In vitro reconstitution of the modulation of Drosophila Notch-ligand binding by Fringe.
The Journal of biological chemistry. 282:35153-62. Abstract
Notch signaling plays critical roles in animal development and physiology. The activation of Notch receptors by their ligands is modulated by Fringe-dependent glycosylation. Fringe catalyzes the addition of N-acetylglucosamine in a beta1,3 linkage onto O-fucose on epidermal growth factor-like domains. This modification of Notch by Fringe influences the binding of Notch ligands to Notch receptors. However, prior studies have relied on in vivo glycosylation, leaving unresolved the question of whether addition of N-acetylglucosamine is sufficient to modulate Notch-ligand interactions on its own, or whether instead it serves as a precursor to subsequent post-translational modifications. Here, we describe the results of in vitro assays using purified components of the Drosophila Notch signaling pathway. In vitro glycosylation and ligand binding studies establish that the addition of N-acetylglucosamine onto O-fucose in vitro is sufficient both to enhance Notch binding to the Delta ligand and to inhibit Notch binding to the Serrate ligand. Further elongation by galactose does not detectably influence Notch-ligand binding in vitro. Consistent with these observations, carbohydrate compositional analysis and mass spectrometry on Notch isolated from cells identified only N-acetylglucosamine added onto Notch in the presence of Fringe. These observations argue against models in which Fringe-dependent glycosylation modulates Notch signaling by acting as a precursor to subsequent modifications and instead establish the simple addition of N-acetylglucosamine as a basis for the effects of Fringe on Drosophila Notch-ligand binding.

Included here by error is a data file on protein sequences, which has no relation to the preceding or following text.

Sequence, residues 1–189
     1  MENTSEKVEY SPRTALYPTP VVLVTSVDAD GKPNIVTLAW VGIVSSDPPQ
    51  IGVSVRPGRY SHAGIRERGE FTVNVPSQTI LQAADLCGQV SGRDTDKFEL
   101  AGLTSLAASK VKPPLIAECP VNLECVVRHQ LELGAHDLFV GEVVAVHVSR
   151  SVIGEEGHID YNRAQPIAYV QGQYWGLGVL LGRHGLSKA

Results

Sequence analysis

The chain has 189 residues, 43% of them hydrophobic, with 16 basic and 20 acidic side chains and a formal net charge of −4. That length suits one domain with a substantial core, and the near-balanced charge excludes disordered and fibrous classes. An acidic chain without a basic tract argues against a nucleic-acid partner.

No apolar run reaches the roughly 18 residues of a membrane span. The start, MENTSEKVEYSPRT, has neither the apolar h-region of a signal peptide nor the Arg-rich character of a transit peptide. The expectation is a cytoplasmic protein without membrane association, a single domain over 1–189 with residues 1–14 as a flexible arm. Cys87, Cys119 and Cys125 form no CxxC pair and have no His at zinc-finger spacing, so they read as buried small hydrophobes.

In vivo analysis of Yorkie phosphorylation sites.
Oncogene. 28:1916-27. Abstract
The co-activator Yorkie (Yki) mediates transcriptional regulation effected by the Drosophila Fat-Warts (Wts)-Hippo (Hpo) pathways. Yki is inhibited by Wts-mediated phosphorylation, and a Wts phosphorylation site at Ser168 has been identified. Here we identify two additional Wts phosphorylation sites on Yki, and examine the respective contribution of all three sites to Yki nuclear localization and activity. Our results show that although Ser168 is the most critical site, all three phosphorylation sites influence Yki localization and activity in vivo, and can be sites of regulation by Wts. Thus, investigations of the role of Yki and its mammalian homolog Yes-associated protein (YAP) in development and oncogenesis should include evaluations of additional sites. The WW domains of Yki are not required for its phosphorylation, but instead are positively required for its activity. We also identify two potential sites of phosphorylation by an unknown kinase, which could influence phosphorylation of Ser168 by Wts, suggesting that there are additional mechanisms for regulating Yki/YAP activity.